Lauren Hodge, 14 from York, Pa.,  might have something very valuable in store for Burger King, McDonalds and any other fast food chain with grilled chicken sandwiches. Basically, Hodge tested five different sauces with the intention of finding one that could reduce the number of carcinogens in grilled chicken when marinated first. Lemon juice proved to be the winner with the lowest pH count, while brown sugar and salt water worked alright as well. However, olive oil and soy sauce turned out to increased carcinogens.

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9 of 14 Rachel King/ZDNet

Shaun Lim, 18 from Singapore, has discovered that sunflowers can actually kill. But perhaps that lethal power can be put to use. Shaun's study has found that increased UV levels stimulate the production of these chemicals that can harm some plants (i.e morning glory) while actually increasing the growth of other organisms nearby. Thus, there is the possibility that these chemicals could prove more useful than natural herbicides in certain situations. Shaun hopes that his research could be put to use to help solve the world food supply as well as used in pharmaceuticals.

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10 of 14 Rachel King/ZDNet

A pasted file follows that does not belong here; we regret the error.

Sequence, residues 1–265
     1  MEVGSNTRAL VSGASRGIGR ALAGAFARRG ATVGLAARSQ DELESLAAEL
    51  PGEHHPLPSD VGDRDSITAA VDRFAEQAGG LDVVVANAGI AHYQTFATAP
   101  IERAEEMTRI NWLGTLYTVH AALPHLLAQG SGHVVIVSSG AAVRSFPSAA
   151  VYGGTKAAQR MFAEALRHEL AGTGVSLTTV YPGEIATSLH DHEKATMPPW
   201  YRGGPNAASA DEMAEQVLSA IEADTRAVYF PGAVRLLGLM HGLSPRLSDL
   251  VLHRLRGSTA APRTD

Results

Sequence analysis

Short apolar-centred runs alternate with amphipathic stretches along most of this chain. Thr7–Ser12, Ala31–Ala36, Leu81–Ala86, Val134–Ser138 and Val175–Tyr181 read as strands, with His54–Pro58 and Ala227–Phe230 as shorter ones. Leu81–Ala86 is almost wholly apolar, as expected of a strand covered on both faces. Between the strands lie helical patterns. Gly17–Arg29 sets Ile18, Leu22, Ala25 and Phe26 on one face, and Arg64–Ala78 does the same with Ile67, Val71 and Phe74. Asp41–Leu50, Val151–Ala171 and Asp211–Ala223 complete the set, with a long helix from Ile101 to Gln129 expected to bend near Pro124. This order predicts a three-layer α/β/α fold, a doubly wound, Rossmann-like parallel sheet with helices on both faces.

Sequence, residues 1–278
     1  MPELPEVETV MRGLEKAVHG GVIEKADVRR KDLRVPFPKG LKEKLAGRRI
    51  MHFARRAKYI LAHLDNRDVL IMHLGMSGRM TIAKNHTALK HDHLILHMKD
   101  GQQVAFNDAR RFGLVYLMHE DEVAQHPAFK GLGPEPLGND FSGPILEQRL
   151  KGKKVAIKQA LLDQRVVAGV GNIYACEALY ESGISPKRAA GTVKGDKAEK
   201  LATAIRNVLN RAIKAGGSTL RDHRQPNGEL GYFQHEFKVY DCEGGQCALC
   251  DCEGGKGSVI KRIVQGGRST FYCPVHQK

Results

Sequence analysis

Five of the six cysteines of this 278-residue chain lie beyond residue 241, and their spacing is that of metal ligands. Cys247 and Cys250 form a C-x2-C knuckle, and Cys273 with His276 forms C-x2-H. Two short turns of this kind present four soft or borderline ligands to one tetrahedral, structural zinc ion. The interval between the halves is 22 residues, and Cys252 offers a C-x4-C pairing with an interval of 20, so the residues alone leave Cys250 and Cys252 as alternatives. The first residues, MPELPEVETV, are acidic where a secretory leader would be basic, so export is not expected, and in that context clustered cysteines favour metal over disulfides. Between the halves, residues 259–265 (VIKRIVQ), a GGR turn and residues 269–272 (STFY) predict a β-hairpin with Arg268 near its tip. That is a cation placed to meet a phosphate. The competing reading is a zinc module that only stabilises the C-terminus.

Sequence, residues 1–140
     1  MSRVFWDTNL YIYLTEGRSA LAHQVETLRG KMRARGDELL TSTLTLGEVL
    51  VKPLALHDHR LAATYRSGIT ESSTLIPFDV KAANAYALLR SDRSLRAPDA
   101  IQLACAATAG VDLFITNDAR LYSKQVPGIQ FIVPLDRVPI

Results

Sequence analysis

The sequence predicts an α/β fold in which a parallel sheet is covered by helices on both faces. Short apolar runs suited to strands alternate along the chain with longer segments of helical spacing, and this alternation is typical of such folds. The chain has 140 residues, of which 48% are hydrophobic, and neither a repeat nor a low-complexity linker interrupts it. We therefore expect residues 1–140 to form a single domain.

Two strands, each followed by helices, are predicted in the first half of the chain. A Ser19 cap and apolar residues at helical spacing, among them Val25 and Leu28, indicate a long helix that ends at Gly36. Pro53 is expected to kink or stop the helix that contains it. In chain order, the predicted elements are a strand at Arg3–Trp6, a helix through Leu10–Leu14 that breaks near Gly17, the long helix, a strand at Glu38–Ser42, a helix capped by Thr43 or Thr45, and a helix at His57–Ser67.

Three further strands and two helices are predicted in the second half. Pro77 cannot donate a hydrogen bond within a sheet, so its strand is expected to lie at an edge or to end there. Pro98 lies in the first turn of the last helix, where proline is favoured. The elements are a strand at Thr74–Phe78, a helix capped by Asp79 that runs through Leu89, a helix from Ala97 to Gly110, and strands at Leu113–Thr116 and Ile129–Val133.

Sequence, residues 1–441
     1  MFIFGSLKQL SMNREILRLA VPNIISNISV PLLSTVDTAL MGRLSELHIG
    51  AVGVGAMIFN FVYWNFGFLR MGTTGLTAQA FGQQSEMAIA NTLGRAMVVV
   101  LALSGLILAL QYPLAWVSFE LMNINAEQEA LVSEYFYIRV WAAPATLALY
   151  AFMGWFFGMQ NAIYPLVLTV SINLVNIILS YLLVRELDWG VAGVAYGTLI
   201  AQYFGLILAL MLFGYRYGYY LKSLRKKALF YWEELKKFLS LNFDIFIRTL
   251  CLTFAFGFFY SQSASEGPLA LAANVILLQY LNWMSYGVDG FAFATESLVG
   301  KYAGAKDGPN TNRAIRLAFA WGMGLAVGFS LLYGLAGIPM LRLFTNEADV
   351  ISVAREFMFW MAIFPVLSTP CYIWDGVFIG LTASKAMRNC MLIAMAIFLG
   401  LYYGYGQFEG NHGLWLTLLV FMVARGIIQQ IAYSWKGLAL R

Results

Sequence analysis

Anand Srinivasan, 15 from Atlanta, has built a prototype that uses the application of EEG technology towards prosethetic devices. For example, Anand used the prototype, which was strapped to his head, to tell the mechanical arm he built to high-five himself. It worked. Anand says that this technology could be put to use for amputees and patients suffering from paralysis and muscular dystrophy.

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11 of 14 Rachel King/ZDNet

Shree Bose, 17 from Fort Worth, Texas, has been studying drug resistance in ovarian cancer cells for two years. Her research has found that the AMPK, an activated protein enzyme, causes resistance to cisplatin, a chemotherapy drug used to treat the cancer. However, when controlled, the enzyme has the power to build resistance to the cancer, which could have profound affects on future ovarian cancer treatments.

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12 of 14 Rachel King/ZDNet

Harine Ravichandran, 16 from Chennai, India, has found from her experiments on power line conditioning that multi-level inverters can overcome power shortages when connected to a single phase circuit. 

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13 of 14 Rachel King/ZDNet

Luke Taylor, 15 from Cape Town, South Africa, has developed a platform that translates English into computer code, which in turn directs a prototype robot that receives the translation and conducts the corresponding action. For example, tell the robot to move forward and backwards, and it will do it. It can also do more complicated tasks like pouring a glass of water.

Luke suggests that these robots could be used in hospitals in South Africa, particularly in remote areas, where there are less staff to treat patients.

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14 of 14 Rachel King/ZDNet

Michelle Guo, 15 from Bergen County, N.J., has been studying how insulin sensitizers affects the brains of Alzheimer's patients. In particular, Guo has been looking at cinnamon, which she has found caused untreated cells to produce twice the amount of β-amyloid, a plaque found in the brains of these patients.